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GNU/Linux Desktop Survival Guide
by Graham Williams
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Wireless


The required wireless module for the kernel is available as a Debian package from kernel version 2.6.18. You will want to install ipw3945-modules-2.6.18-3-686, firmware-ipw3945, and ipw3945d.

If you are using a kernel version without such a module pre-compiled for you, it is easy to build one for your kernel:

  $ wajig install ipw3945-source
  $ sudo module-assistant prepare ipw3945
  $ sudo module-assistant auto-install ipw3945
  $ sudo modprobe ipw3945

For my 2.6.21 kernel, for example, this builds and install the package ipw3945-modules-2.6.21-1-686.

For older kernels, to get the wireless card working a bit of manual labour is needed to obtain and install the ipw3945 driver from http://ipw3945.sourceforge.net/. The web site indicates that version 1.1.11 or newer of ieee80211 is needed -- older Debian versions had an older version so we illustrate the install of the module from scratch. This is for historic purposes, and should no longer be necessary.

From http://ieee80211.sourceforge.net/ download ieee80211-1.1.13.tgz. From http://ipw3945.sourceforge.net/ download ipw3945-1.0.0.tgz, ipw3945d-1.7.18.tgz, and ipw3945-ucode-1.13.tgz. Install it:

  $ tar zxvf ieee80211-1.1.13.tgz
  $ tar zxvf ipw3945-1.0.0.tgz
  $ tar zxvf ipw3945d-1.7.18.tgz
  $ tar zxvf ipw3945-ucode-1.13.tgz
  $ cd ieee80211-1.1.13
  $ sudo make
   (answer yes to all questions)
  $ sudo make install
  $ cd ../ipw3945-1.0.0
  $ sudo make
  $ sudo make install
  $ cd ../ipw3945-ucode-1.13
  $ sudo cp ipw3945.ucode /lib/firmware
  $ cd ../ipw3945d-1.7.18
  $ sudo cp x86/ipw3945d /sbin
  $ cd ../ipw3945-1.0.0
  $ sudo ./load

This resulted in:

ieee80211_crypt: registered algorithm 'NULL'
ieee80211: 802.11 data/management/control stack, 1.1.13
ieee80211: Copyright (C) 2004-2005 Intel Corporation <jketreno@linux.intel.com>
ipw3945: Intel(R) PRO/Wireless 3945 Network Connection driver for Linux, 1.0.0
ipw3945: Copyright(c) 2003-2006 Intel Corporation
ACPI: PCI Interrupt 0000:0b:00.0[A] -> GSI 16 (level, low) -> IRQ 169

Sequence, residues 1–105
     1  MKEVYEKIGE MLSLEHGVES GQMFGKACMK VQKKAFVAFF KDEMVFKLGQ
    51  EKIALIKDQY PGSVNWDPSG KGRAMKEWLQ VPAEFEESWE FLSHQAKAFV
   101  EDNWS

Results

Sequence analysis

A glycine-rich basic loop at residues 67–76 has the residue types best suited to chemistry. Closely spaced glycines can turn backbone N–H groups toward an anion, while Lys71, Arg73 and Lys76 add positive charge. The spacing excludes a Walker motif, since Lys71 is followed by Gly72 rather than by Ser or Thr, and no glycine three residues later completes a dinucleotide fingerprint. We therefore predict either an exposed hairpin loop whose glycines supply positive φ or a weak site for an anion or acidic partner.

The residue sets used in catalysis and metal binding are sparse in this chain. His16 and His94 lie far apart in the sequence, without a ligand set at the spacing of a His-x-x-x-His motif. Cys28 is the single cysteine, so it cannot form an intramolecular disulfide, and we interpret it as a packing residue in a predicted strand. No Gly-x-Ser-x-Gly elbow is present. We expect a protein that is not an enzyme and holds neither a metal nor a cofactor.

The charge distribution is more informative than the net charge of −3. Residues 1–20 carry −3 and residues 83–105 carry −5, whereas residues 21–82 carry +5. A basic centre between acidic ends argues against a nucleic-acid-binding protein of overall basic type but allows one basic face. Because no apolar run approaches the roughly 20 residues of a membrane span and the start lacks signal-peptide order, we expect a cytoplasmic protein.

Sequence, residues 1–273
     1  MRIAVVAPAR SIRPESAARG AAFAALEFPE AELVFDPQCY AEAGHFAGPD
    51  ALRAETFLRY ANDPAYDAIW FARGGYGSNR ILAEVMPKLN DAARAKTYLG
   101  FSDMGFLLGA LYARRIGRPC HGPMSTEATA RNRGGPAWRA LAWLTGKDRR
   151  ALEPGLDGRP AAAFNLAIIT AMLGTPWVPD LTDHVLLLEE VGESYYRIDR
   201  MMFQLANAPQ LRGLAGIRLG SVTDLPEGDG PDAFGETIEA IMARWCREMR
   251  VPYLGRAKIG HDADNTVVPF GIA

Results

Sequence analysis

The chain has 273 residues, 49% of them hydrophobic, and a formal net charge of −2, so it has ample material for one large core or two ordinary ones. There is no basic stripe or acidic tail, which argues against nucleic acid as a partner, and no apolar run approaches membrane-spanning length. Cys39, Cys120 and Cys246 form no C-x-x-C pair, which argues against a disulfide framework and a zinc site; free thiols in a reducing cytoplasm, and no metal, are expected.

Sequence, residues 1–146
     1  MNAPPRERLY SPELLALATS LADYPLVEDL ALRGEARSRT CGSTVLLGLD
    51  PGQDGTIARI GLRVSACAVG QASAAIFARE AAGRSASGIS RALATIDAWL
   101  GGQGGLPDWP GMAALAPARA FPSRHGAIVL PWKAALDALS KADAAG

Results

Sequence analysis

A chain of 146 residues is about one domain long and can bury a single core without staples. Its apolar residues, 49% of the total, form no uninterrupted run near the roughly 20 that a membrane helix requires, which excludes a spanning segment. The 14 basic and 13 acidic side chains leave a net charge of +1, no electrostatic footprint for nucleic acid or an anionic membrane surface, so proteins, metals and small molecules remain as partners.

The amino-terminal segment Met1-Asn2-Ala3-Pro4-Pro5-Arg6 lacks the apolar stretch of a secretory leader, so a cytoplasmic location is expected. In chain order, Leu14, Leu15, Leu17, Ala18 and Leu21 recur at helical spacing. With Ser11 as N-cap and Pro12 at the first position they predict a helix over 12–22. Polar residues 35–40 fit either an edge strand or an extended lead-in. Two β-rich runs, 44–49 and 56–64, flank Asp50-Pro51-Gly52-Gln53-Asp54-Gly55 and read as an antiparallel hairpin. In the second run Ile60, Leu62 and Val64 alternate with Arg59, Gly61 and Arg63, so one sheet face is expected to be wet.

PCI: Setting latency timer of device 0000:0b:00.0 to 64
ipw3945: Detected Intel PRO/Wireless 3945ABG Network Connection
ipw3945: Detected geography ABG (13 802.11bg channels, 4 802.11a channels)
ipw3945: Radio Frequency Kill Switch is On:
Kill switch must be turned off for wireless networking to work.

The last two lines were a worry, but Jacques Vuillemin suggested that Fn-F2 is the magic to turn off the Kill Switch. If this doesn't work then modify the BIOS (F2 on boot) to disable the wireless hotley. The wireless load command worked for me after Fn-F2.

In /etc/network/interfaces add:

iface eth2 inet dhcp
  wpa-conf managed
  wpa-ssid belkin54g
  wpa-key-mgmt WPA-PSK
  wpa-psk 123456789abcdef787f44b6611bf17ba......

setting the ssid to match that of your wireless, and the psk key is generated using wpa_passphrase amd supplying your ssid and your passphrase..

Then:

  $ sudo sh ipw3945-1.0.0/load
  $ sudo ifup eth2

I reconfigured the Debian package laptop-net to indicate the MII is supported, so that the system can automatically detect that there is no Ethernet cable connected and so won't try to start up networking on boot (and hence time out with DHCP after multiple attempts).

Some other useful wireless commands:

  $ iwlist eth2 scan               # List any found wireless access points

The network-manager-gnome package provides a simple applet that monitors available wireless networks and allows you to select one to connect to. This is now (since kernel version 2.6.17) the recommended path, but make sure there are no netwrok interfaces configured in /etc/network/interfaces since if there are, the network manager will not manage those networks.

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